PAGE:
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    While this article looks at safety by analysing outcomes in a medical context, I think a lot of the thinking in there could be ported over to running the kind of software systems that many of us here are responsible for.

    The core idea resonated really strongly with me. We stand to learn a lot from from systems that are quietly successful, rather than focusing mostly on how we fixed the ones that loudly failed.

    It also spoke to an idea that I agree with strongly: approaches that think everything can be solved simply by adding another process or rule for people to follow doom us to the same sub-par outcomes we know today. Or as phrased more eloquently in the article:

    you cannot inspect safety or quality into a process: the people who do the process create safety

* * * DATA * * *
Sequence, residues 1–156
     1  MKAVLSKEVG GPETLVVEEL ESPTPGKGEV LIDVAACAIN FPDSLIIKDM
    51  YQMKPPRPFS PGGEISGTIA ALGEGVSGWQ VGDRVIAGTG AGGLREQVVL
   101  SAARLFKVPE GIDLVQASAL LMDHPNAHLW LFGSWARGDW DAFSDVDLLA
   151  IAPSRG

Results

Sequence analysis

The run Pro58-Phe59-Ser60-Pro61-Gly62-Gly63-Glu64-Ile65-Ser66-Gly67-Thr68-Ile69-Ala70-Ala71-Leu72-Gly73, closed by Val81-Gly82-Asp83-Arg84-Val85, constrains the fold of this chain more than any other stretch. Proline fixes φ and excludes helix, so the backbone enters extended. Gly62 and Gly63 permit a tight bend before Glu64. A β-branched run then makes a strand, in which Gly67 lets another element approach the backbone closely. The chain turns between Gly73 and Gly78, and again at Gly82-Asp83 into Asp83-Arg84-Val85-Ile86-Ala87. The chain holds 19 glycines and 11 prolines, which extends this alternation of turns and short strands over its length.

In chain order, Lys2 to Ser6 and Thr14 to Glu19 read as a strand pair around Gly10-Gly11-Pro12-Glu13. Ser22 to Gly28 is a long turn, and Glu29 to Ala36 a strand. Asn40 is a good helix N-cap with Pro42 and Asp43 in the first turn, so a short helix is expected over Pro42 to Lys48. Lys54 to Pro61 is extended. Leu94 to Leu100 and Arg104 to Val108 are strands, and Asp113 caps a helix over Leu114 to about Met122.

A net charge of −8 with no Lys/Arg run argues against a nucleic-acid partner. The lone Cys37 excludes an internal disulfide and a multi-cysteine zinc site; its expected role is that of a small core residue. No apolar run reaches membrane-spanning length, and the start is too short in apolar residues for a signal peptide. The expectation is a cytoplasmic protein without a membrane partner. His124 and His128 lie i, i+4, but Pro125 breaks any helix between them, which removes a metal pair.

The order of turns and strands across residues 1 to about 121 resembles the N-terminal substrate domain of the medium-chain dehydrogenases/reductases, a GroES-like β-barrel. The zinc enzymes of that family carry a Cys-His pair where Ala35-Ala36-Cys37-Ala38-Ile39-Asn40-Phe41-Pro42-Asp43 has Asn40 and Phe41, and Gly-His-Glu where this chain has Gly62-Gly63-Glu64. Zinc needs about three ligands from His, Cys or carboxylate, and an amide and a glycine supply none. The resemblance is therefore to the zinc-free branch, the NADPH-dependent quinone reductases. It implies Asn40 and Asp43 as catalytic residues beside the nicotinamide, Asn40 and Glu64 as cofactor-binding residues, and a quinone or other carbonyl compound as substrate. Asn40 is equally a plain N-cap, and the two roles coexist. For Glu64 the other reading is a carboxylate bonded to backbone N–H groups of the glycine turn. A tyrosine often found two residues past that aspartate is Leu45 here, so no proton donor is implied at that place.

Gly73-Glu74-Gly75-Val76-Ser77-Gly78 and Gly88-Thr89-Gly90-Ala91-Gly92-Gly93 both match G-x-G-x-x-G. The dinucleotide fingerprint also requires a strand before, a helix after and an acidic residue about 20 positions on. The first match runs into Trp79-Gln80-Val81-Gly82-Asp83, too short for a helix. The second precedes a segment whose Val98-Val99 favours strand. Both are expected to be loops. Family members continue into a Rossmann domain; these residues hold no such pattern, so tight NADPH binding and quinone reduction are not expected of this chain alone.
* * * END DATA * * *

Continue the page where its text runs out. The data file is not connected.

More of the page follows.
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      It also suggests that policies don’t create our successes, which is probably not what most people want to hear.

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      The best thing I have read on safety in years. Especially in realms where severe consequences are very low probability.

      On the silly side, I can’t help mention “Carter’s Corollary to Murphy’s Law”.

      Things only ever go right so that they may go more spectacularly wrong later.

      I believe the universe is run on this basis, and there is an underlying field called the “Murphy’s Law Potential”, much like an electric field.